Our household defines honoring someone as “going beyond what is expected, treating folks like they’re special, and doing so with a good attitude.”
It’s a biblical mandate that we honor one another. We teach it to our kids.
“Honor one another above yourself,” the apostle Paul wrote in his letter to the church at Rome.
Like all biblical mandates, some say it’s archaic and holds no sway in today’s world. Others muster justifications for choosing folks they feel “deserve” honor – or don’t.
And like all biblical mandates, it’s founded in the understanding and wisdom of God – who created humans in His image for the purpose of relationship.
Imagine what would happen — in our society, our communities, our churches, our homes – if we applied this in all our interactions.
It’s a safe bet the divorce rate would plummet if husbands and wives both consistently went beyond what is expected, treated each other like they’re special, and did so with a good attitude.
How about our communities? Instead of living warily among strangers, we’d weave a new societal fabric of friendship, respect and unity.
We wouldn’t all suddenly think alike or hold the same opinions.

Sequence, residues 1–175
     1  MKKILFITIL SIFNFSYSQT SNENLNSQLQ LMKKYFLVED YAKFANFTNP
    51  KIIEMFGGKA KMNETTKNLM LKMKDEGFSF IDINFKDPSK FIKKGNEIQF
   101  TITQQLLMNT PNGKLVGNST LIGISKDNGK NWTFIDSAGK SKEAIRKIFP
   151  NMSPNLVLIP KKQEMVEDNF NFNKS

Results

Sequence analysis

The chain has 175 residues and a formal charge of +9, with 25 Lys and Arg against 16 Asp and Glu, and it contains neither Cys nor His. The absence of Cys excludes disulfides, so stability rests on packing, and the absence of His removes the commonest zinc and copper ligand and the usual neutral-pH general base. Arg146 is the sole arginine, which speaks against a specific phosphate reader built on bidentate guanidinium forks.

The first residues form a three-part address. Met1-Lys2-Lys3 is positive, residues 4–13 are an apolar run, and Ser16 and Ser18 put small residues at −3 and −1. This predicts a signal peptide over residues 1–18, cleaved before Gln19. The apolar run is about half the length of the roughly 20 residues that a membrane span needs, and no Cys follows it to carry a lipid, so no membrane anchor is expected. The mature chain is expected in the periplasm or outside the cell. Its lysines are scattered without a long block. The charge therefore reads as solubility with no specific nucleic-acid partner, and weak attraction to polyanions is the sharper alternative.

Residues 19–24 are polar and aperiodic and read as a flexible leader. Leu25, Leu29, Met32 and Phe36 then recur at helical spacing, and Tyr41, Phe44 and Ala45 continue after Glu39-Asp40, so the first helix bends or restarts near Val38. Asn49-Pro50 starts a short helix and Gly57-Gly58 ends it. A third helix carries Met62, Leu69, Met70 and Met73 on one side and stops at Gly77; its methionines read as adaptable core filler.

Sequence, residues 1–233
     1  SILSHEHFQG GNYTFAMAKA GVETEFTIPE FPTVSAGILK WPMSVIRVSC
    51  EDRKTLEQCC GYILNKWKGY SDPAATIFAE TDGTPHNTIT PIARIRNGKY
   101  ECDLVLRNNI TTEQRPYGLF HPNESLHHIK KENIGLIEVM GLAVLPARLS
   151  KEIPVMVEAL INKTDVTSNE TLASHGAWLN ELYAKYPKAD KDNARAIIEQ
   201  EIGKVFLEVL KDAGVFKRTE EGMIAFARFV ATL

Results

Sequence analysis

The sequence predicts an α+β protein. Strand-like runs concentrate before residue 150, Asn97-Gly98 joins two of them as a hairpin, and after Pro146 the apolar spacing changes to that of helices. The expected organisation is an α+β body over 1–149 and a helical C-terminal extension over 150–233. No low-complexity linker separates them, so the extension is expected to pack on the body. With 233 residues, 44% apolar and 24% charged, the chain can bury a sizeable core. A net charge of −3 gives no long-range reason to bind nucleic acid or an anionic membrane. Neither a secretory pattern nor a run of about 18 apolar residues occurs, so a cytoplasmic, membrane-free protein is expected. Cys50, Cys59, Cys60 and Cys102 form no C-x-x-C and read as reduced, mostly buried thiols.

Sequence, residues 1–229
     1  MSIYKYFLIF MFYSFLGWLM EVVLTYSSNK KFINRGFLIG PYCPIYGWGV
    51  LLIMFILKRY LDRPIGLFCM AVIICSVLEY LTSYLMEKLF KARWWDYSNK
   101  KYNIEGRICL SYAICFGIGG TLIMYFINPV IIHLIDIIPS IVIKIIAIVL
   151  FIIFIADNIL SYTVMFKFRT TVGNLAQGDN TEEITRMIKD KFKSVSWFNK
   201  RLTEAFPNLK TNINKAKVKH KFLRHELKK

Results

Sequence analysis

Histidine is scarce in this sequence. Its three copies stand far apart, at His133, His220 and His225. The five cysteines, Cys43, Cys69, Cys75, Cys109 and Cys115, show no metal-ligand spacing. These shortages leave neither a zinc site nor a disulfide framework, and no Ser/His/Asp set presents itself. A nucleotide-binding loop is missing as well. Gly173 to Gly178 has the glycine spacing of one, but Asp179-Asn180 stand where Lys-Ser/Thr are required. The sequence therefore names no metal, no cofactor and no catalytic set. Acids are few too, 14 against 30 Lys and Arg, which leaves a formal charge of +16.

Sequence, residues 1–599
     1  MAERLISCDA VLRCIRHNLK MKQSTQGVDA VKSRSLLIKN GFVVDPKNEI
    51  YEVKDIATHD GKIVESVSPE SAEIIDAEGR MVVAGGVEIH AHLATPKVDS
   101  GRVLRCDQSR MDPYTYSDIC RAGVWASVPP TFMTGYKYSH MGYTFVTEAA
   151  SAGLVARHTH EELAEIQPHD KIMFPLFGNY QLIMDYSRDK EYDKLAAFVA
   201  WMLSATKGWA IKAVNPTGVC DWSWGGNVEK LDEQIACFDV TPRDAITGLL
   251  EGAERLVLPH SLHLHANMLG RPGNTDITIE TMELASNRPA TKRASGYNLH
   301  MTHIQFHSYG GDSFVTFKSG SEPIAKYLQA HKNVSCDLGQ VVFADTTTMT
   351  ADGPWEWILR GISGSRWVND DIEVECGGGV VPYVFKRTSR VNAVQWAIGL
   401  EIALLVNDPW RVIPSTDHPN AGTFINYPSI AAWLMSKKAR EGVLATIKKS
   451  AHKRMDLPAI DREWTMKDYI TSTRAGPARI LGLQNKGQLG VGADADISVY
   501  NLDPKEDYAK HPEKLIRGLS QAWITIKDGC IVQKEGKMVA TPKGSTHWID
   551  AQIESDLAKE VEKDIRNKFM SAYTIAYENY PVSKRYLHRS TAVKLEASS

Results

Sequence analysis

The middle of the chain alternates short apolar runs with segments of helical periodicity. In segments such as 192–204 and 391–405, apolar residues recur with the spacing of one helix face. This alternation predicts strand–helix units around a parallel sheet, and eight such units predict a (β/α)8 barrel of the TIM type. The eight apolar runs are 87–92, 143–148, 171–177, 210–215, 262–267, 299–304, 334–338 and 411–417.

We’d just intentionally treat each other well.
Our differences – ideology, background, education, ethnicity – would become secondary to our common effort to honor one another.
Sound unrealistic? Of course, it does.
Honoring one another is simple, but it’s not easy.
It takes humility and intentionality.
To have it take hold would mean we’d have to honor those we don’t want to honor. Those who’ve hurt us, those who drain us, those for whom we’ve gone the extra mile only to have them show no inclination to honor us back.
This is where the breakdown occurs. We’re not told to honor those who deserve it. We’re told to honor one another.
All of us fall short, and thus none of us merit honor.
Yet God – the Author of Life – prescribes it. Honor invested is akin to making a garden.
We put in the work, quite labor-intensive on the front end. Then, with perseverance and commitment, it requires watering and maintenance.
Some weeds will grow, some pests will attack along the way, and those obstacles will need to be addressed… but in the end the labor – faithfully tendered – bears fruit.
The blessing of the fruit for our society would be stunning.
Rev. James Hogan is a native of Stowe Township and serves as pastor of Faithbridge Community Church in McKees Rocks.